Emily Roberson, an epidemiologist hired last year to revamp Hawaii’s COVID-19 contact tracing efforts, has resigned, she told Civil Beat Tuesday.
Department of Health spokeswoman Janice Okubo said that Roberson left her position April 1. “Temporary assignments have been made to ensure that the duties of her position are performed as contact tracing efforts continue,” Okubo said in a statement to Civil Beat.
Roberson was chief of the department’s Disease Investigation Branch, which worked with National Guard members and other contact tracing staff to investigate and surveil COVID-19 transmission.
Roberson said she resigned for unspecified “personal reasons.”
“It was a privilege for me to be able to step in and assist the Hawaii Department of Health with COVID-19 response, specifically case investigation and contact tracing pieces of that response,” she said in a phone interview. “Serving alongside all of the disease investigators, the contact tracers, the public health nurses, our administrative and data entry support staff and the Hawaii National Guard in these efforts has been the privilege of my life.”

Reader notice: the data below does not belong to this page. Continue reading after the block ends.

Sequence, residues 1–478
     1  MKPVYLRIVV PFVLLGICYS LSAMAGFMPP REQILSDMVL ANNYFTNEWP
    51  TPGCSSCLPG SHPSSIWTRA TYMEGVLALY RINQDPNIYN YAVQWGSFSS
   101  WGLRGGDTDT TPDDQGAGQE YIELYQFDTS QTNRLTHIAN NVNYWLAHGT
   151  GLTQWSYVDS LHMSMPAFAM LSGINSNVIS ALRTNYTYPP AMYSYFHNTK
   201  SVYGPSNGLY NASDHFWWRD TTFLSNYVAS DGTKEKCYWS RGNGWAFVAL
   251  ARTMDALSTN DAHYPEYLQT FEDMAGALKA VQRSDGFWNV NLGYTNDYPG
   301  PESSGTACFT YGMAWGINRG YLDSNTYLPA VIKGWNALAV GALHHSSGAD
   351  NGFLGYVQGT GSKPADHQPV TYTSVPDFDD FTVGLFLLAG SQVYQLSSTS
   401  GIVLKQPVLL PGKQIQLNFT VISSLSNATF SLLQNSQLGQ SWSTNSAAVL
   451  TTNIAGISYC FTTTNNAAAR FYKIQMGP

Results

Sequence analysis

The Department of Health’s contact tracing efforts came under fire last summer when a whistleblower spoke out in August about overworked investigators and a department ill-prepared to trace everyone who tested positive for COVID-19 as well as the people they exposed.
That led to a program overhaul by Roberson. Just a few weeks later, in September, she requested a leave of absence of two days, citing confusion about her chain of command.
Criticism from political leaders and others last year ultimately prompted changes to the department’s leadership. Director Bruce Anderson retired in mid-September. State Epidemiologist Dr. Sarah Park was put on administrative leave for four months until she left on Dec. 31 after working for the health department for 16 years. DOH never disclosed the circumstances of Park’s departure.
Roberson said the case investigation system she helped develop, which assigned teams to investigate COVID-19 clusters in certain settings, such as schools or the Pacific Islander community, became a model that other states followed.
“It was essentially a Hail Mary task that came out of dire circumstances that is now an example for the rest of the country as best practice,” she said. “Being able to transform where we were in July and August into this complex but also a really productive and efficient system that is now operating, that’s not small.”
Roberson and department officials say their teams are not able to reach every single person who tests positive for COVID-19.